| 11.1°C Belfast

Nobody cares, distressed Moat told police

Close

A police car escorts an ambulance carrying fugitive gunman Raoul Moat out of Rothbury in  Northumberland. Moat was apprehended after a tense stand-off with police ended dramatically

A police car escorts an ambulance carrying fugitive gunman Raoul Moat out of Rothbury in Northumberland. Moat was apprehended after a tense stand-off with police ended dramatically

A man fitting the description of Raoul Moat was in a stand-off with police

A man fitting the description of Raoul Moat was in a stand-off with police

Northumbria Police

Police negotiate with a man fitting the description of fugitive gunman Raoul Moat on July 9, 2010 in Rothbury, England

Police negotiate with a man fitting the description of fugitive gunman Raoul Moat on July 9, 2010 in Rothbury, England

A man fitting the description of fugitive gunman Raoul Moat is seen as police negotiate with him on July 9, 2010 in Rothbury, England

A man fitting the description of fugitive gunman Raoul Moat is seen as police negotiate with him on July 9, 2010 in Rothbury, England

Police on the streets of Rothbury, Northumberland as fugitive Raoul Moat lies in a field surrounded by armed officers

Police on the streets of Rothbury, Northumberland as fugitive Raoul Moat lies in a field surrounded by armed officers

Members of the public on the streets of Rothbury, Northumberland as fugitive Raoul Moat lies in a field surrounded by armed officers

Members of the public on the streets of Rothbury, Northumberland as fugitive Raoul Moat lies in a field surrounded by armed officers

Armed police on the A697 road leading into the east of Rothbury, Northumberland as fugitive Raoul Moat lies in a field surrounded by armed police

Armed police on the A697 road leading into the east of Rothbury, Northumberland as fugitive Raoul Moat lies in a field surrounded by armed police

Police on the streets of Rothbury, Northumberland as fugitive Raoul Moat lies in a field surrounded by armed officers

Police on the streets of Rothbury, Northumberland as fugitive Raoul Moat lies in a field surrounded by armed officers

/

A police car escorts an ambulance carrying fugitive gunman Raoul Moat out of Rothbury in Northumberland. Moat was apprehended after a tense stand-off with police ended dramatically

Raoul Moat became agitated as the six-hour siege with armed police wore on, rubbing his face and telling negotiators: "Nobody cares about me."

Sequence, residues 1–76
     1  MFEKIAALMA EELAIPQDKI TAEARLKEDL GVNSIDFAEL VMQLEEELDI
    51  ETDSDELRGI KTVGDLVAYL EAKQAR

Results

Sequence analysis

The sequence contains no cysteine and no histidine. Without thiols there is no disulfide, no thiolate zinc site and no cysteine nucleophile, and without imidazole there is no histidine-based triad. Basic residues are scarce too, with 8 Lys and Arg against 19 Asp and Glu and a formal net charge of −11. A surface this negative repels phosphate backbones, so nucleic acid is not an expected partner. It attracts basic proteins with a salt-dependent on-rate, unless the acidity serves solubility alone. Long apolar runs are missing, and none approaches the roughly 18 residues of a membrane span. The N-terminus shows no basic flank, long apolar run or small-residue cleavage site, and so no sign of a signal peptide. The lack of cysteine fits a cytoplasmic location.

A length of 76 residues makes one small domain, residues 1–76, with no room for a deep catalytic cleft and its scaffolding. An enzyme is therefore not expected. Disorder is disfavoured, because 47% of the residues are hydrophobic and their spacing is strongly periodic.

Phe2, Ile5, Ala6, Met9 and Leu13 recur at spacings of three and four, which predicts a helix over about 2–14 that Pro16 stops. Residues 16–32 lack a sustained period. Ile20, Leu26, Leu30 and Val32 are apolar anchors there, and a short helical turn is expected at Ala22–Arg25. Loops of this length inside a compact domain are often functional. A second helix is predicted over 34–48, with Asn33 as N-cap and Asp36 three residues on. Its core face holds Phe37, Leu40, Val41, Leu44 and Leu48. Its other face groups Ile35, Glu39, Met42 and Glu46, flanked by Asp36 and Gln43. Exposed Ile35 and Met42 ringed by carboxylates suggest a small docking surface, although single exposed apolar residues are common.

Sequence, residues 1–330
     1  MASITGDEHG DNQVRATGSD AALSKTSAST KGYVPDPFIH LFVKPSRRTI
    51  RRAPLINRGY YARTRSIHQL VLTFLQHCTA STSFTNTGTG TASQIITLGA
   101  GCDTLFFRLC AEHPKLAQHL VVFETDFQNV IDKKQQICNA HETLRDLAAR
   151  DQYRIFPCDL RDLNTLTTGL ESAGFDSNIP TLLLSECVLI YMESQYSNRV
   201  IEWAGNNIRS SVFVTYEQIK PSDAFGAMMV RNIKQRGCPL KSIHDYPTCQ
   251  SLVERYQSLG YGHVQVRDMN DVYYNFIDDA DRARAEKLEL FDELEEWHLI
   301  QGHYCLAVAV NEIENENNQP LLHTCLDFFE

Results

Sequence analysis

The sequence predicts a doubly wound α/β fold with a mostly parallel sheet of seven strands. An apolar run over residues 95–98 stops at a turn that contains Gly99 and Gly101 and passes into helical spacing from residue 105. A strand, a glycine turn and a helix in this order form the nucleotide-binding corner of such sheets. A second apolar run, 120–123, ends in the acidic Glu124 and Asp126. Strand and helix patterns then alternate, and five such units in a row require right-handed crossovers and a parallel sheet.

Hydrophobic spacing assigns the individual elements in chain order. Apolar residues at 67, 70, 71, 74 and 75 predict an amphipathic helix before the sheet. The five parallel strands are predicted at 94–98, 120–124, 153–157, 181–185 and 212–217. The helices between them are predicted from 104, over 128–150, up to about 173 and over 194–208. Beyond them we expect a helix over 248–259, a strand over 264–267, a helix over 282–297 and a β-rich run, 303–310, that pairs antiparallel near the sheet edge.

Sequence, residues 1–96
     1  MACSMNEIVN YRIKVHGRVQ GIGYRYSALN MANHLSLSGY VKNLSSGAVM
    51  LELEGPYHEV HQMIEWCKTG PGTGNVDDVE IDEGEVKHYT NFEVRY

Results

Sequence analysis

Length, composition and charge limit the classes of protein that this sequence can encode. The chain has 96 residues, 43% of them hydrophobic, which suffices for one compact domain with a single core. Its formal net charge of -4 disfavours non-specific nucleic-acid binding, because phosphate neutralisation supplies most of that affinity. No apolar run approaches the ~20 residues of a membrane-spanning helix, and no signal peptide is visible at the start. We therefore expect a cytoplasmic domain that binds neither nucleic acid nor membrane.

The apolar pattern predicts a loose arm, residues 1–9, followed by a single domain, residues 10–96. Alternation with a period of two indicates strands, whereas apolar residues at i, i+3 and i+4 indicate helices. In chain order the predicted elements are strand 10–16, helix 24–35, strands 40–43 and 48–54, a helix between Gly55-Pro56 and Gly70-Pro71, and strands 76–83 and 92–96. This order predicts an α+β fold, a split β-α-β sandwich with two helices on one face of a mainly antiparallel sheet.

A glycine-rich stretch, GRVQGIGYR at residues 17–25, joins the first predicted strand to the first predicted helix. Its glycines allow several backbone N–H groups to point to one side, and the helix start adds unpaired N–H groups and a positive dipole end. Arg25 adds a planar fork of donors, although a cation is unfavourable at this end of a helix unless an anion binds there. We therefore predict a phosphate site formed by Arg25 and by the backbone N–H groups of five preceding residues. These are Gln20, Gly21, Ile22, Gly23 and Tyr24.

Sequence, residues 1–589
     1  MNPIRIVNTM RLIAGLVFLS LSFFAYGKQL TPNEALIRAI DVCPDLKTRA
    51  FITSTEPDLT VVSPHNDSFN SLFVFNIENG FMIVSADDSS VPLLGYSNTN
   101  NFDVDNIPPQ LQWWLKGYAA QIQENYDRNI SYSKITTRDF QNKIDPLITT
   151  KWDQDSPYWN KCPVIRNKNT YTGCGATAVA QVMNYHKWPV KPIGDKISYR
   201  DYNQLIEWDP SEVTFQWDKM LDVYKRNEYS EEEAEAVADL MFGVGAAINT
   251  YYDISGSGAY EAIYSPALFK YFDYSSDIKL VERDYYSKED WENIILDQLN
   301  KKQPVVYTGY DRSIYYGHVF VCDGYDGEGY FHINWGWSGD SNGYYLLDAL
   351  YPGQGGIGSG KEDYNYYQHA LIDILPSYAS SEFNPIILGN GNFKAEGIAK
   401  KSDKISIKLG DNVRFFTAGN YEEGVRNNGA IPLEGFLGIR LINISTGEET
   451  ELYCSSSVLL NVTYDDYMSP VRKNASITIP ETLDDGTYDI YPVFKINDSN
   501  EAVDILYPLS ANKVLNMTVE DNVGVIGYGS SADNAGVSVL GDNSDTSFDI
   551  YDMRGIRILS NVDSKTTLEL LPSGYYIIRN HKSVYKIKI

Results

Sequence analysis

A man who was staying at a guest house close to the scene in Rothbury said he heard Moat talking to the negotiators.

"I would say maybe he was a bit agitated, rubbing his face.

"Earlier on when the negotiators were talking to him, the one thing that sticks in my mind is, he said, 'nobody cares about me'," he told BBC Radio Newcastle.

The tense negotiations lasted about six hours, ending dramatically at 1.20pm when a shot was fired and Moat was fatally injured.

Earlier, experts had predicted that Moat, who ate and drank during the negotiations, was more likely to give himself up as night fell.

Negotiation expert Dr James Alvarez said: "One of the things that's against him at this time is that he will eventually need to sleep, but there's lots of police to take it in turns so they have the upper hand.

Daily Headlines & Evening Telegraph Newsletter

Receive today's headlines directly to your inbox every morning and evening, with our free daily newsletter.

This field is required

"People have natural body rhythms, the darker it gets the more people will want to go to sleep.

"The tendency will be for him to wind down.

"He's probably already tired and worn down and hungry. He will need a shower, that sort of thing.

"And psychologically he's probably quite weak at this time."

Dr Alvarez said that police would not want Moat to come to any harm.

He added: "One of the fundamental underlying principles is that if they're alive, there's hope.

"No negotiator ever considers it a success when a suspect gets hurt. They want a peaceful solution."

One of the Northumbria Police officers guarding the entrance to the village, who would not be named, said the stand-off could carry on through the night.

He said: "I've been on a few of these situations but none quite like this.

"There's a professional police negotiator from Northumbria Police down there speaking to him. The negotiator was part of the search teams.

"Giving him a drink of water is standard practice. Putting the searchlights on him is for our benefit.

"This could go on all night. So long as he's a danger only to himself they'll be happy for it to take as long as it takes."


Top Videos



Privacy